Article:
1. ^ Bochner, B.R. (2009), "Global phenotypic characterization of bacteria", FEMS Microbiology Reviews, 33 (1): 191–205, doi:10.1111/j.1574-6976.2008.00149.x, PMC 2704929, PMID 19054113
  2. ^ Bochner, B.R.; Gadzinski, P.; Panomitros, E. (2001), "Phenotype MicroArrays for High Throughput Phenotypic Testing and Assay of Gene Function", Genome Research, 11 (7): 1246–1255, doi:10.1101/gr.186501, PMC 311101, PMID 11435407
  3. ^ Montero-Calasanz, M.C.; Göker, M.; Pötter, G.; Rohde, M.; Spröer, C.; Schumann, P.; Klenk, A.A.; Gorbushina, H.-P. (2013), "Geodermatophilus telluris sp. nov., a novel actinomycete isolated from Saharan desert sand in Chad", International Journal of Systematic and Evolutionary Microbiology, 13: 2254–2259, doi:10.1099/ijs.0.046888-0
  4. ^ Boccuto, L.; Chen, C.-F.; Pittman, A.R.; Skinner, C.D.; McCartney, H.J.; Jones, K.; Bochner, B.R.; Stevenson, R.E.; Schwartz, C.E. (2013), "Decreased tryptophan metabolism in patients with autism spectrum disorders", Molecular Autism, 4 (16): 16, doi:10.1186/2040-2392-4-16
  5. ^ Omsland, A.; Cockrell, D.C.; Howe, D.; Fischer, E.R.; Virtaneva, K.; Sturdevant, D.E.; Porcella, S.F.; Heinzen, R.A. (2009), "Host cell-free growth of the Q fever bacterium Coxiella burnetii", Proceedings of the National Academy of Sciences of the United States of America, 106 (11): 4430–4434, doi:10.1073/pnas.0812074106, PMC 2657411, PMID 19246385
  6. ^ Vaas, L.A.I.; Marheine, M.; Sikorski, J.; Göker, M.; Schumacher, M. (2013), "Impacts of pr-10a overexpression at the molecular and the phenotypic level", International Journal of Molecular Sciences, 14 (7): 15141–15166, doi:10.3390/ijms140715141, PMC 3742292, PMID 23880863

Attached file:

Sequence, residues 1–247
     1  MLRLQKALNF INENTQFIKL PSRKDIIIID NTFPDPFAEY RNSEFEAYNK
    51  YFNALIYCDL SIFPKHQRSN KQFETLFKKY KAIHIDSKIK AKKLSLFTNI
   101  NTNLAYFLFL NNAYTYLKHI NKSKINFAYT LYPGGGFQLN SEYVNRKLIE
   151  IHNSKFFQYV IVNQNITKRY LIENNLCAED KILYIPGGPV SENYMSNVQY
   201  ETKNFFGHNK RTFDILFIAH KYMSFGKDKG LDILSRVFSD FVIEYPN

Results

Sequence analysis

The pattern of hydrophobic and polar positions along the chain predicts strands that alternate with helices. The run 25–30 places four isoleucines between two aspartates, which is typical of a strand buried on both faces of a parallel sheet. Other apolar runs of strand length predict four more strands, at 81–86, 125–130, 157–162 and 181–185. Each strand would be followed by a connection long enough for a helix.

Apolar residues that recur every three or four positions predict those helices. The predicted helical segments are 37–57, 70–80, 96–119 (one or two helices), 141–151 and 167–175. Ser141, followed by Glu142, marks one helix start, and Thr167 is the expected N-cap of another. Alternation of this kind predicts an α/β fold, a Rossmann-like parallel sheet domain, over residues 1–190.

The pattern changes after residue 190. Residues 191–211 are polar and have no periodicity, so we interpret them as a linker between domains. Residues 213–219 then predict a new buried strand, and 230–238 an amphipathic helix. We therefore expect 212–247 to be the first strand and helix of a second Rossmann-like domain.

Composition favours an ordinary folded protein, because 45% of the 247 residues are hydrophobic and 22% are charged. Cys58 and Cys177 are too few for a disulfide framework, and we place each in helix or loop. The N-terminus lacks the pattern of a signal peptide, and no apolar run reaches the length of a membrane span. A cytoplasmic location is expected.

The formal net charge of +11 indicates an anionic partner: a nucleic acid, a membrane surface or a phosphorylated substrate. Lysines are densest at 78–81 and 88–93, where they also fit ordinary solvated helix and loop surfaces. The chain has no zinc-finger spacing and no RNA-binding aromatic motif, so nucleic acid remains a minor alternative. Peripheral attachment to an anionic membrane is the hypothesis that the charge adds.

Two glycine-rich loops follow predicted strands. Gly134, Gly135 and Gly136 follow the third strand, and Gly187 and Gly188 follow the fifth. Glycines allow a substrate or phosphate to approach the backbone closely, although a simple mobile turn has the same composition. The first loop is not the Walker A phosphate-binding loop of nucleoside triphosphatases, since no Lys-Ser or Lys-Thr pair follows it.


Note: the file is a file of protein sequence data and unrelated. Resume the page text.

7. ^ Bochner, B.R.; Savageau, M.A. (1977), "Generalized indicator plate for genetic, metabolic, and taxonomic studies with microorganisms", Applied and Environmental Microbiology, 33 (2): 434–444, PMC 170700, PMID 322611
  8. ^ Vaas, L.A.I.; Sikorski, J.; Michael, V.; Göker, M.; Klenk, H.-P. (2012), "Visualization and curve-parameter estimation strategies for efficient exploration of Phenotype MicroArray kinetics", PLoS ONE, 7 (4): e34846, doi:10.1371/journal.pone.0034846, PMC 3334903, PMID 22536335
  9. ^ Vaas, L.A.I.; Sikorski, J.; Hofner, B.; Fiebig, A.; Buddruhs, N.; Klenk, H.-P.; Göker, M. (2013), "opm: An R Package for Analysing OmniLog® Phenotype MicroArray Data", Bioinformatics, 29 (14): 1823–4, doi:10.1093/bioinformatics/btt291, PMID 23740744
  10. ^ Hofner, B.; Boccuto, L.; Göker, M. (2015), "Controlling false discoveries in high-dimensional situations: Boosting with stability selection", BMC Bioinformatics, 16: 144, doi:10.1186/s12859-015-0575-3, PMC 4464883, PMID 25943565
  11. ^ Galardini, M.; Mengoni, A.; Biondi, E.G.; Semeraro, R.; Florio, A.; Bazzicalupo, M.; Benedetti, A.; Mocali, S. (2013), "DuctApe: A suite for the analysis and correlation of genomic and OmniLog™ Phenotype Microarray data", Genomics, 103 (1): 1–10, doi:10.1016/j.ygeno.2013.11.005, PMID 24316132
  12. ^ Chang, W.; Sarver, K.; Higgs, B.; Read, T.; Nolan, N.; Chapman, C.; Bishop-Lilly, K.; Sozhamannan, S. (2011), "PheMaDB: A solution for storage, retrieval, and analysis of high throughput phenotype data", BMC Bioinformatics, 12: 109, doi:10.1186/1471-2105-12-109, PMC 3097161, PMID 21507258
  13. ^ Borglin, S.; Joyner, D.; Jacobsen, J.; Mukhopadhyay, A.; Hazen, T.C. (2009), "Overcoming the anaerobic hurdle in phenotypic microarrays: Generation and visualization of growth curve data for Desulfovibrio vulgaris Hildenborough", Journal of Microbiological Methods, 76 (2): 159–168, doi:10.1016/j.mimet.2008.10.003, PMID 18996155

External linksEdit